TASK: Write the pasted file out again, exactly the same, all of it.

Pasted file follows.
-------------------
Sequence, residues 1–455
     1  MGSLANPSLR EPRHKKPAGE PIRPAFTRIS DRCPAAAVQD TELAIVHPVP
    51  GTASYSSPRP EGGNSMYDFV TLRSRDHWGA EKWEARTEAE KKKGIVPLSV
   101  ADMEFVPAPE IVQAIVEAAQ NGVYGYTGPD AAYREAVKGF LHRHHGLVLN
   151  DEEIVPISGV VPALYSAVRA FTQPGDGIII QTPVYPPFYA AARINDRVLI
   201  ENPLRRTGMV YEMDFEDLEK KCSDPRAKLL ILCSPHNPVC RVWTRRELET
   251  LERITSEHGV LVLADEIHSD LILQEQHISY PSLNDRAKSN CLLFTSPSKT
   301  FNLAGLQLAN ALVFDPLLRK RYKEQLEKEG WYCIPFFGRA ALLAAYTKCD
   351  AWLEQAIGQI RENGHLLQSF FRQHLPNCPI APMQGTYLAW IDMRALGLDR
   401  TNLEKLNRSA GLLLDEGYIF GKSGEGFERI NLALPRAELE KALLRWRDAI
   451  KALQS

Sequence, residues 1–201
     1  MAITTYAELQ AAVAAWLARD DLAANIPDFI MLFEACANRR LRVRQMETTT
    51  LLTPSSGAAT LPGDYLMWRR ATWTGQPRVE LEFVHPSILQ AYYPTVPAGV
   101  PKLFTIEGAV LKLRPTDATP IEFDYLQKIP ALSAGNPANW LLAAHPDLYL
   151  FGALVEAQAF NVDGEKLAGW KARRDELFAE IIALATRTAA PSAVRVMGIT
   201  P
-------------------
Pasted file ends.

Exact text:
Sequence, residues 1–455
     1  MGSLANPSLR EPRHKKPAGE PIRPAFTRIS DRCPAAAVQD TELAIVHPVP
    51  GTASYSSPRP EGGNSMYDFV TLRSRDHWGA EKWEARTEAE KKKGIVPLSV
   101  ADMEFVPAPE IVQAIVEAAQ NGVYGYTGPD AAYREAVKGF LHRHHGLVLN
   151  DEEIVPISGV VPALYSAVRA FTQPGDGIII QTPVYPPFYA AARINDRVLI
   201  ENPLRRTGMV YEMDFEDLEK KCSDPRAKLL ILCSPHNPVC RVWTRRELET
   251  LERITSEHGV LVLADEIHSD LILQEQHISY PSLNDRAKSN CLLFTSPSKT
   301  FNLAGLQLAN ALVFDPLLRK RYKEQLEKEG WYCIPFFGRA ALLAAYTKCD
   351  AWLEQAIGQI RENGHLLQSF FRQHLPNCPI APMQGTYLAW IDMRALGLDR
   401  TNLEKLNRSA GLLLDEGYIF GKSGEGFERI NLALPRAELE KALLRWRDAI
   451  KALQS

Sequence, residues 1–201
     1  MAITTYAELQ AAVAAWLARD DLAANIPDFI MLFEACANRR LRVRQMETTT
    51  LLTPSSGAAT LPGDYLMWRR ATWTGQPRVE LEFVHPSILQ AYYPTVPAGV
   101  PKLFTIEGAV LKLRPTDATP IEFDYLQKIP ALSAGNPANW LLAAHPDLYL
   151  FGALVEAQAF NVDGEKLAGW KARRDELFAE IIALATRTAA PSAVRVMGIT
   201  P